AA – Truman Doctrine


General Ioannis Metaxas took power with a fascist-style dictatorship. Once Metaxas died in 1941, Greece was left powerless and the Communist Party took control and created the National Liberation Front, also known as EAM. Another group was formed that was against the EAM called the National Republican Greek League (EDES).

The EDES received help from the British since Britain was worried about a communist takeover. Winston Churchill met with Joseph Stalin in 1944. Churchill agreed to give Stalin power in Romania, and Poland if Stalin gave Churchill power in Greece. The Germans, still there from World War II, began to withdraw from Greece because of this and Stalin gave no help to the communists, even though they were the powerful group in Greece. On December 2, 1944, fighting started between the British and the EAM. 1946 communists in Greece attempted a takeover. They were in the minority in the country but received moral support from the USSR in their efforts to overthrow the monarchy and actual material support from Yugoslavia.

Greece was in a highly sensitive position militarily and Truman, while not wanting to involve America in any military action, wanted to give the Greek government as much support as he could during the Greek Civil War.



The Truman Doctrine was an American foreign policy to stop Soviet imperialism during the Cold War. It was announced to Congress by President Harry S. Truman  when he pledged to contain Soviet threats to Greece and Turkey.

Truman stated that America had a duty, an obligation of freeing those who were oppressed, meaning countries who were in the sphere of influence of the Soviets. The West believed that, despite the Soviet staying out of the affair, it was still their influence and expansion of communism that was triggering this rebellion in Greece. In February 1947, because of their economic instability, Britain could no longer maintain their troops in Greece, warning the US. The American government issued the Truman Doctrine. Truman argued that the US should follow a policy of ”containment’ to stop Russian expansion’.  Despite claiming it was a response to the civil war in Greece, it was believed to be ‘designed for wider application’.


The Marshall aid was an American initiative to aid western Europe, in which the United States gave $13 billion (approximately $130 billion in current dollar value as of August 2015) in economic support to help rebuild Western European economies after the end of World War, this initiative resulted in the Soviet’s setting up Comecon in Eastern Bloc countries. The initiative also caused, from 1948 through to 1952 great growth in  European economies and consequently this economic prosperity led by coal and steel industries led to today’s European Union.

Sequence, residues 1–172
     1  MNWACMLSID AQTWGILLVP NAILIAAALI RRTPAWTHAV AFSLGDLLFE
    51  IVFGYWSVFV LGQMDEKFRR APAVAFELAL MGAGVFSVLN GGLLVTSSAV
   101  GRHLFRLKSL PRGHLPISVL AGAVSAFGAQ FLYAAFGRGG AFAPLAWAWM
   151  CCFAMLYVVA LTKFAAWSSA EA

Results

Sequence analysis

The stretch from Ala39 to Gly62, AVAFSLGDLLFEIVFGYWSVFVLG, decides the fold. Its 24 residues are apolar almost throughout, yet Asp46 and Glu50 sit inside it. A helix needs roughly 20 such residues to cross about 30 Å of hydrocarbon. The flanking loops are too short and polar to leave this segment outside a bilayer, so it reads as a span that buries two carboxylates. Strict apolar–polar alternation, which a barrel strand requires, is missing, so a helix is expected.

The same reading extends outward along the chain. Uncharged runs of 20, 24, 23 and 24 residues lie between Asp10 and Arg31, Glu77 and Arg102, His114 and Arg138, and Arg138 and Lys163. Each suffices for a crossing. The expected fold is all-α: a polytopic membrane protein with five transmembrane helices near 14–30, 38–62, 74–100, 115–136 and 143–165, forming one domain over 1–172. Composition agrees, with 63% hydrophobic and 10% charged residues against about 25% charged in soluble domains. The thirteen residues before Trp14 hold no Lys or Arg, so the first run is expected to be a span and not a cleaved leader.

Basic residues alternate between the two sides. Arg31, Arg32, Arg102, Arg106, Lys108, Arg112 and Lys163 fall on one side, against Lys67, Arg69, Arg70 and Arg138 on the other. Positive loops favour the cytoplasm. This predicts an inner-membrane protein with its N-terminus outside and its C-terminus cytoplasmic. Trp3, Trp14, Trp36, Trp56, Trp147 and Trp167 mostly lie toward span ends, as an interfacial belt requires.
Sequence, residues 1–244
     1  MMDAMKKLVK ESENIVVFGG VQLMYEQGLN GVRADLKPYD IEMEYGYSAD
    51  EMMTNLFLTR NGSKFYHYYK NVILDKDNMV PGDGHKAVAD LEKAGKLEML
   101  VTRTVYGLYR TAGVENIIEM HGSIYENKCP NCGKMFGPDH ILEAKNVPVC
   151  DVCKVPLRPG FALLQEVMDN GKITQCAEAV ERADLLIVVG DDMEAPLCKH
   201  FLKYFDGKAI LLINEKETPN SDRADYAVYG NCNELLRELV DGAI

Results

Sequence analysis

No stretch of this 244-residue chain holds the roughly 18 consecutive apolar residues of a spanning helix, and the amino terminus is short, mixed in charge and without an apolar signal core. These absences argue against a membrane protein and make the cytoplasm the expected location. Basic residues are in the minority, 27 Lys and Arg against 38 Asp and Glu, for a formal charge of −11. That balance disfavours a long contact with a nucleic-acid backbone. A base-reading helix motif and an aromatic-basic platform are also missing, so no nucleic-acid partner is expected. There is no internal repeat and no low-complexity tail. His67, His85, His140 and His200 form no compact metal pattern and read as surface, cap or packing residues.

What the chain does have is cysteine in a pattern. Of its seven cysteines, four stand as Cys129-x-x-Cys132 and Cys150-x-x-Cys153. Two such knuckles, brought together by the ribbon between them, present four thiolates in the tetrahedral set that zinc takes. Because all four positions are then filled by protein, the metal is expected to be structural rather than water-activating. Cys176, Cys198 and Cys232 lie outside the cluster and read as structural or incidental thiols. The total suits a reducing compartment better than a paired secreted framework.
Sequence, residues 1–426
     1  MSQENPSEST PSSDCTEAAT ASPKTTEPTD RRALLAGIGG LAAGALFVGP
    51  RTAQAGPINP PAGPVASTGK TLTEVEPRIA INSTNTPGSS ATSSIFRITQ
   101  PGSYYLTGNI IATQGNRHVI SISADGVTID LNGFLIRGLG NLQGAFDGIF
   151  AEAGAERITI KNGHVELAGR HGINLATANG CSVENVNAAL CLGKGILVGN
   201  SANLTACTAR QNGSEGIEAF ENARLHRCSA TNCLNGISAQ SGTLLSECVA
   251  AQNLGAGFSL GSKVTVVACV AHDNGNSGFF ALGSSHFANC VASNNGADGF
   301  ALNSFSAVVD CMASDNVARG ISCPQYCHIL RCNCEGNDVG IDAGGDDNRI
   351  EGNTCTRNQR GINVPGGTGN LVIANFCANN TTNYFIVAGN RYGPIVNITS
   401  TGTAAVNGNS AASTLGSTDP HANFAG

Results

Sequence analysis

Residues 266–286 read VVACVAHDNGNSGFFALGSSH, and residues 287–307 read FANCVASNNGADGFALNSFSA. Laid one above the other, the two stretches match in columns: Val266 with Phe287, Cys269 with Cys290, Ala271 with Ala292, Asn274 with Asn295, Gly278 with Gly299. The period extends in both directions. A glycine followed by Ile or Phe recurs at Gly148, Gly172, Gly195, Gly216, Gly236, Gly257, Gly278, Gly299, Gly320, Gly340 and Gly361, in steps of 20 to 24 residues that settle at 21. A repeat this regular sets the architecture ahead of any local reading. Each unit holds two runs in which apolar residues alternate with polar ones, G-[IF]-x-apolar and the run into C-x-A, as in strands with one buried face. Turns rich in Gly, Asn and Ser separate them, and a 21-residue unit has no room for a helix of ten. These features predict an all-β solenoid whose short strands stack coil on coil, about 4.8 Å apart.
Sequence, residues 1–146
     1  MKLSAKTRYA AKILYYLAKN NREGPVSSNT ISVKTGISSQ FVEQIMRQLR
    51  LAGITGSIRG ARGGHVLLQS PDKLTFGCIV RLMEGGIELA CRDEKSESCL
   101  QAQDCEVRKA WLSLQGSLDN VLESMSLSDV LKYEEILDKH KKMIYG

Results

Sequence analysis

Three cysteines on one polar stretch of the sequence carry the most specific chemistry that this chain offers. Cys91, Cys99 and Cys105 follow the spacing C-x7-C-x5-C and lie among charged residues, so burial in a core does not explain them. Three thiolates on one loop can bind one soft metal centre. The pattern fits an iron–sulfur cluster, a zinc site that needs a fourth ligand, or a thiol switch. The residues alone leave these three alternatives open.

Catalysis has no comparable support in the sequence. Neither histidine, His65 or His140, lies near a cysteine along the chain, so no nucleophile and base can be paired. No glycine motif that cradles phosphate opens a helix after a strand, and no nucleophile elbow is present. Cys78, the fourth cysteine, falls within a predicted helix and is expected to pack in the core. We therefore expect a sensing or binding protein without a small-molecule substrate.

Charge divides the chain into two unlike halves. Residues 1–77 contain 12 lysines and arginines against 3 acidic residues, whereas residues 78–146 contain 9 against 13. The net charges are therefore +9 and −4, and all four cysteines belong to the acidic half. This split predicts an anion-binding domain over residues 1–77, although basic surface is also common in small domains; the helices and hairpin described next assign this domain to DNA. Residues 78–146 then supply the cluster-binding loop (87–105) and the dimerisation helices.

“The aid was given in the form of food, grants to buy equipment, improvements to transport systems, and everything “from medicine to mules”. Most (70 per cent) of the money was used to buy commodities from US suppliers: $3.5 billion was spent on raw materials; $3.2 billion on food, feed and fertilizer; $1.9 billion on machinery and vehicles; and $1.6 billion on fuel.” Stalin forbade the Cominform (set up in 1947 by Stalin to draw together various European communist parties) countries to apply for Marshall Aid.

President Truman wanted to tackle communism through the Marshall plan. In 1947 George Marshall gave Truman his report on, what he believed was the reason why countries were more likely to fall to communism. He believed that countries which were near destitution were more likely to join communism. They then formulated a plan to ask Congress for initially $17 billion to lend to countries that may fall. Congress refused saying that the sum was too big to pay and would cost the tax payers too much. However after the fall of Czechoslovakia in 1948, when a capitalist candidate Jan Masaryk was thrown out of a window and the communist won. This was evidence enough to cause Congress to change their minds about the Marshall plan.

The political purpose of Marshall aid was containment, it was a tool of the Truman Doctrine. Theoretically it was a perfect plan and the countries would take the aid and be saved from the Reds. In reality, it wasn’t as perfect because of how Stalin retaliated, also that it was really only for Western Europe. The Soviets formed Cominform (Communist Information Bureau) where Stalin told all the countries under communism that they were not allowed to take Marshall aid

Paris Conference: At the Paris Peace Conference, which lasted from July to October 1946, politicians from the United States, Soviet Union, United Kingdom, France, and other Allied powers agreed upon the provisions of the Paris Peace Treaties, signed in February 1947 with Italy, Romania, Hungary, Bulgaria, and Finland. These agreements included monetary reparations, territorial adjustments, and political commitments intended to promote democracy and peace.


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